• Open banking
  • PSD2

No time like the present


The rise of real-time payments, and the arrival of new solutions enabled by PSD2 and Open Banking, are set to transform the payments landscape. But are treasurers embracing the opportunities?

by Rebecca Brace

Published: 20 January 2020

In today’s tech-driven environment, initiatives such as PSD2 and Open Banking are helping to re-engineer the payments landscape. Through the use of application program interfaces (APIs) provided by banks, third party providers can act as intermediaries, offering companies real-time balance information and access to instant payments. Meanwhile, real-time payment systems are becoming increasingly prevalent, enabling businesses around the world to make – and receive – payments faster than ever before.

Christopher Van Woeart, Head of Treasury, Stripe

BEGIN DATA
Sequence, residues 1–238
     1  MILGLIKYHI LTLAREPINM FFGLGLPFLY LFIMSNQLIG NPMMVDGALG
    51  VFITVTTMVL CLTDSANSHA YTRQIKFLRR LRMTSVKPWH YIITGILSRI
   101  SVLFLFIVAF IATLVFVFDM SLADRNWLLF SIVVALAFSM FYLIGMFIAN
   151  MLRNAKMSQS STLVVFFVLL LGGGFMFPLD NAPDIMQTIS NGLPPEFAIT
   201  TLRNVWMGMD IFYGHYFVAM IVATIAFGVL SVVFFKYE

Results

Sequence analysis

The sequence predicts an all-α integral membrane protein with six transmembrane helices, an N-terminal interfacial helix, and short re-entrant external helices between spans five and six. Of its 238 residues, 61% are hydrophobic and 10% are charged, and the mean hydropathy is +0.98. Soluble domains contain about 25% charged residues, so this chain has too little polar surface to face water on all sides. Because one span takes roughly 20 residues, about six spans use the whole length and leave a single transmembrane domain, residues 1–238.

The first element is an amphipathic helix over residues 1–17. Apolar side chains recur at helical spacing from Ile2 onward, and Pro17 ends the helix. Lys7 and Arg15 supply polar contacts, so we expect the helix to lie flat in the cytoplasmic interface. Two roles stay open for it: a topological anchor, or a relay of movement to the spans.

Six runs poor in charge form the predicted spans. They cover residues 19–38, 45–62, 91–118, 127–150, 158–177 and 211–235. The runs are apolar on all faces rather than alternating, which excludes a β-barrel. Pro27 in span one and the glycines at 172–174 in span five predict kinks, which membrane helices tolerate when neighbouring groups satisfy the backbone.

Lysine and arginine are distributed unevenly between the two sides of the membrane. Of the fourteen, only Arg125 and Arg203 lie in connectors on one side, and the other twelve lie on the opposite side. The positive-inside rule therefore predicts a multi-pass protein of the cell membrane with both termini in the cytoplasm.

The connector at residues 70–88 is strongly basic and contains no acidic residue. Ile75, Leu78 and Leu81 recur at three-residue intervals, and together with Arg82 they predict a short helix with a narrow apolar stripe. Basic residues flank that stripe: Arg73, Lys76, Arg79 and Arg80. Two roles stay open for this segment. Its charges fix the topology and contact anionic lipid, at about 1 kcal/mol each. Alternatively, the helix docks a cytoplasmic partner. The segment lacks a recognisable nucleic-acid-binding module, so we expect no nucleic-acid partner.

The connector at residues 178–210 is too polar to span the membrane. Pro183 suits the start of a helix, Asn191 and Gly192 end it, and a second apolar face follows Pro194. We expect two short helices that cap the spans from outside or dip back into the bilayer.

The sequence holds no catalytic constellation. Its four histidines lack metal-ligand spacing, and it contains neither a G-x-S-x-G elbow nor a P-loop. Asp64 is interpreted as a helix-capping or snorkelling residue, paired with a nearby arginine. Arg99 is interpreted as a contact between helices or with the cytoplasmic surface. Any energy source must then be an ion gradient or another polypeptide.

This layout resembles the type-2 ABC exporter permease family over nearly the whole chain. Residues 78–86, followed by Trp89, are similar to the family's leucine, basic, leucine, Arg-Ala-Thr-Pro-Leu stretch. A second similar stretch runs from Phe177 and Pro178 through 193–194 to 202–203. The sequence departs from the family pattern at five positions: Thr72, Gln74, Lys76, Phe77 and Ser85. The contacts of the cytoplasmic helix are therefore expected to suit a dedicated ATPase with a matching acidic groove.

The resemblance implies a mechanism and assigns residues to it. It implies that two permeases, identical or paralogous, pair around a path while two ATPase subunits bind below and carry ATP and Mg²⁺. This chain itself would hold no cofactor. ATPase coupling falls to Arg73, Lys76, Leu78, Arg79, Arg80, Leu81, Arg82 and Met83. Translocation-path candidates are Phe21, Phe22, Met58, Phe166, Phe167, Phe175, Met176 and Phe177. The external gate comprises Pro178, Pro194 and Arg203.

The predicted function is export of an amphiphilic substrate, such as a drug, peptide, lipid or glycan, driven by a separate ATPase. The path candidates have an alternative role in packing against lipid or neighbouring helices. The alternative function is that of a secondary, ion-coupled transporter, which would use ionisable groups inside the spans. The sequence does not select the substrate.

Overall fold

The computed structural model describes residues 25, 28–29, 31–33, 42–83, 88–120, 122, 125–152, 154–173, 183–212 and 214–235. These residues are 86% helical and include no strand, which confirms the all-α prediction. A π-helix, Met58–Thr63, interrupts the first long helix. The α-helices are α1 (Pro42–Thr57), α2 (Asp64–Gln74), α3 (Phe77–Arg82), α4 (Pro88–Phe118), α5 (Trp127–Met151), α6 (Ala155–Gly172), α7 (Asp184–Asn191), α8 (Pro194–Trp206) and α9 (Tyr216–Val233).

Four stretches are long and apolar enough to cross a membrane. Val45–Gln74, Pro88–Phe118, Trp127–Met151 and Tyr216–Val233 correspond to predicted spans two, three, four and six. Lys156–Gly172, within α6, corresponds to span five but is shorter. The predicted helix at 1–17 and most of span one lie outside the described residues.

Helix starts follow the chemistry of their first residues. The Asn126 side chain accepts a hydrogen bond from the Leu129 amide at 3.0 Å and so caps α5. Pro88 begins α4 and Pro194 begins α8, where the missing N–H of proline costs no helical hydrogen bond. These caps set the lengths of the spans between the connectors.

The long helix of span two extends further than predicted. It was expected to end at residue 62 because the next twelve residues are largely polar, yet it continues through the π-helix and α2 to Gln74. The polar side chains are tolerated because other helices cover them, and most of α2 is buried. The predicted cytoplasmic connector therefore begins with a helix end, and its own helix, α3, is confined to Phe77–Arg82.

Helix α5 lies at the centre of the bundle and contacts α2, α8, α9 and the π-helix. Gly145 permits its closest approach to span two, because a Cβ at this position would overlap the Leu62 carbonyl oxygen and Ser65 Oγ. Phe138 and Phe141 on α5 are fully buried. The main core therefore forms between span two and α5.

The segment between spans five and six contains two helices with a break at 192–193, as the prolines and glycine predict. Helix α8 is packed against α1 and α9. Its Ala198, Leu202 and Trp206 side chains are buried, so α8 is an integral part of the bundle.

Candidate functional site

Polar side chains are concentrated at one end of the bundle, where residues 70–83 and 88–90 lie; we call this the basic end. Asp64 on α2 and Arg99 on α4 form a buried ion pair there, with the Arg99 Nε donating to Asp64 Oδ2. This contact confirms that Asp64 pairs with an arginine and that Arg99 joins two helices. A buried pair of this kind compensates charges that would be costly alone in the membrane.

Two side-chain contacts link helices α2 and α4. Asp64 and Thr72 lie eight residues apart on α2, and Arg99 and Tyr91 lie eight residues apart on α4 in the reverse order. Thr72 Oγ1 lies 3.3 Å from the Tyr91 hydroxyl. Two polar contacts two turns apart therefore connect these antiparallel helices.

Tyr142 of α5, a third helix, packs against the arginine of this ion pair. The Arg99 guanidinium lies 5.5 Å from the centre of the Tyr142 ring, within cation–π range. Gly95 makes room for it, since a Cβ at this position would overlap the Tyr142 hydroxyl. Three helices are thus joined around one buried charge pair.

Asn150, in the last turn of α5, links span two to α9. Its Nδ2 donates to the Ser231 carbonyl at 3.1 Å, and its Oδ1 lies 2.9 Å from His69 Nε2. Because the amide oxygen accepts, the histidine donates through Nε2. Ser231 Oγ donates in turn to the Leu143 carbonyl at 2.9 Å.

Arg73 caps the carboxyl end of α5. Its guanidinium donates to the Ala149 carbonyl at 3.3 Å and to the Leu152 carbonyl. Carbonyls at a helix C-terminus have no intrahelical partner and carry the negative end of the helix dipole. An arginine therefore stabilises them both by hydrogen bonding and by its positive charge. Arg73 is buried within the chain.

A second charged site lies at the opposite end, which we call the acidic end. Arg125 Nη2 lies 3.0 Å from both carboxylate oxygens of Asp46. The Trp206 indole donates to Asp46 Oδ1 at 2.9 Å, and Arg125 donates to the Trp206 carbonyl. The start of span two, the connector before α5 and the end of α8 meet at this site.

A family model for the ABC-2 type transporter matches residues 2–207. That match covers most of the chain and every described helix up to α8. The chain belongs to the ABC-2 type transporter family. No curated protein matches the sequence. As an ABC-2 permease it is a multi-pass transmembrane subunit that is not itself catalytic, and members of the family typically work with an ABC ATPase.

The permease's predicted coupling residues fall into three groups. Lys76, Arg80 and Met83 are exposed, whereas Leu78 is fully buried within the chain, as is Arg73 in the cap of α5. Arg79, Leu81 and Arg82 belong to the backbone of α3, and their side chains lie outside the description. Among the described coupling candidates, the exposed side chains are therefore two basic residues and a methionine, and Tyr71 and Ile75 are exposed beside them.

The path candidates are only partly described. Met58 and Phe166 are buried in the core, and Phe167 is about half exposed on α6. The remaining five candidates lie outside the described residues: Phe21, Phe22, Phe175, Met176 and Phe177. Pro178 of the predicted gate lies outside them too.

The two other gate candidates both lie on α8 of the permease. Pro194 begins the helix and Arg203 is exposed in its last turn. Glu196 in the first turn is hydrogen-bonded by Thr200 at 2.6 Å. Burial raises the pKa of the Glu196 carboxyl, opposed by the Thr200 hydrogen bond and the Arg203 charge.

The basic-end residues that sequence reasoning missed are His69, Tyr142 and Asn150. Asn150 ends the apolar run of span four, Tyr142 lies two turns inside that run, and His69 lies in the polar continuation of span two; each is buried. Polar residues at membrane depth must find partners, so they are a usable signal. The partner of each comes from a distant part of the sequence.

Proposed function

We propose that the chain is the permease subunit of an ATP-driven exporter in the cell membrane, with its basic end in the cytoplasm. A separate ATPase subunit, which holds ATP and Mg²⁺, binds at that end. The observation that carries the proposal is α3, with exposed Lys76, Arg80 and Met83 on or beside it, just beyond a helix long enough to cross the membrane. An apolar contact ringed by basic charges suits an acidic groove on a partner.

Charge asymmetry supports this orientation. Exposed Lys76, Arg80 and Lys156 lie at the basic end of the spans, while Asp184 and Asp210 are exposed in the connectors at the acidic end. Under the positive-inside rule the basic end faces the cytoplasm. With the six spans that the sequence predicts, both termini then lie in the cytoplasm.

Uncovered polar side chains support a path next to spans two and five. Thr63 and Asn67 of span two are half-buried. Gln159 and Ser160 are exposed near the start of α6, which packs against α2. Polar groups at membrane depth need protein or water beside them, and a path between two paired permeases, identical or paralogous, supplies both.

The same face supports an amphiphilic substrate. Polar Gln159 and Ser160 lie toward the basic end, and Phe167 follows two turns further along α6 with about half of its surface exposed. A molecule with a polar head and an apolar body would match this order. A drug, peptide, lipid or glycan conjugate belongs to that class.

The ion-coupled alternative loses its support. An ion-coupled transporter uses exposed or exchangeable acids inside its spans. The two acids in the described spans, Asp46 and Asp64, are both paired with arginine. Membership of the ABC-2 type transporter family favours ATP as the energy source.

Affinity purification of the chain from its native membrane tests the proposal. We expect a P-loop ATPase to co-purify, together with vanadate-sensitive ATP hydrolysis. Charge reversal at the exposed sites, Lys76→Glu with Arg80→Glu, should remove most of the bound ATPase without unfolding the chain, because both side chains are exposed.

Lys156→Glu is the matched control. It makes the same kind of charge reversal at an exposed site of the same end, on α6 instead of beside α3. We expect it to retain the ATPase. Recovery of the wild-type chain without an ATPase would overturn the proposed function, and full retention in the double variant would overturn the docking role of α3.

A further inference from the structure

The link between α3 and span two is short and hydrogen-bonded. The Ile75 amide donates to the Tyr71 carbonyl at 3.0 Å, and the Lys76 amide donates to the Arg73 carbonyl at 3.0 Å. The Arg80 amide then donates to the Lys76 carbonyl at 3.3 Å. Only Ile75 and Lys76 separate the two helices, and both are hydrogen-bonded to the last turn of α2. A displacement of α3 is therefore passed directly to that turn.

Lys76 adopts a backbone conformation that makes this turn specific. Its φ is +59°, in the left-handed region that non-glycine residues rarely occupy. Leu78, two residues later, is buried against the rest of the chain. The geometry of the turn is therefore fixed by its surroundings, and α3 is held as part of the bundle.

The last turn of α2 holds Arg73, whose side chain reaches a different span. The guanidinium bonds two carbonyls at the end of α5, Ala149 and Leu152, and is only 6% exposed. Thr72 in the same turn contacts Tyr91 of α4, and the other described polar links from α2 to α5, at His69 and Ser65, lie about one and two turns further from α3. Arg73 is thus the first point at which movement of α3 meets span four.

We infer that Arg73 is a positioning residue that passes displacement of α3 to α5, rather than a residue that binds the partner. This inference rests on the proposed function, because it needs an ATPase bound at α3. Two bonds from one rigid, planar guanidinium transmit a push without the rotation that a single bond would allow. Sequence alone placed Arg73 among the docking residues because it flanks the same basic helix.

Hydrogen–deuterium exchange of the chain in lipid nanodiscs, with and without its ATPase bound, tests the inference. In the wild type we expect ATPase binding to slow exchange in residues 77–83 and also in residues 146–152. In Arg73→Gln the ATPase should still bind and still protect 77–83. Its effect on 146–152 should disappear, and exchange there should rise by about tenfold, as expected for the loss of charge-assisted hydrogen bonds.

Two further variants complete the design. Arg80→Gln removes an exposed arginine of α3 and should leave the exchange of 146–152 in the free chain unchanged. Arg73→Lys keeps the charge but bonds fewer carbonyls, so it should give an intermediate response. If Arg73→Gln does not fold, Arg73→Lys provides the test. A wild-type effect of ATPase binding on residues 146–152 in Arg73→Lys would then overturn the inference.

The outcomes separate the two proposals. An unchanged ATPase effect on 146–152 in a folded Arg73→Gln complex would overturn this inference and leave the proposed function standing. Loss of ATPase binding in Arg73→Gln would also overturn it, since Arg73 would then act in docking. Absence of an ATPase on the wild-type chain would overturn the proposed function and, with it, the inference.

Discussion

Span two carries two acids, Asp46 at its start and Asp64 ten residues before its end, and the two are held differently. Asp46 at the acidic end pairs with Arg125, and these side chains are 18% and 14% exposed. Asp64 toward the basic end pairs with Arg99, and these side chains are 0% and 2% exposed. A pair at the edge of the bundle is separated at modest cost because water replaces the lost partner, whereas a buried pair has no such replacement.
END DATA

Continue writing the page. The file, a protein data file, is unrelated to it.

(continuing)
For consumer-focused organisations, the opportunities brought by these developments are attractive. At ‘gig economy’ companies like Uber, Lyft and Deliveroo, suppliers are typically one-person businesses with precarious finances.  “They want that money in their bank accounts so they can make their rental payments, probably in five hours’ time,” says a treasurer familiar with such companies’ operations.

This explains why these companies have been early adopters of real-time payments. For example, Deliveroo has adopted an innovative payment solution which leverages Citi’s integrated API, ensuring that its delivery drivers and restaurants are paid on time.

But other treasurers are proceeding with caution in this rapidly evolving landscape. A poll at EuroFinance’s 2018 International Treasury Management conference found that 55% of delegates had either done nothing to prepare for PSD2, or didn’t consider it relevant.

Challenges and constraints

As Christopher Van Woeart, Head of Treasury at Stripe points out, when it comes to real-time payments, “there is a spectrum of customers that will have different appetites”. Large enterprises, for example, may not need their money straight away but may “hold money with us for a short period of time”.

Kristoffer Lykke-Olesen, Head of Group Treasury, ISS A/S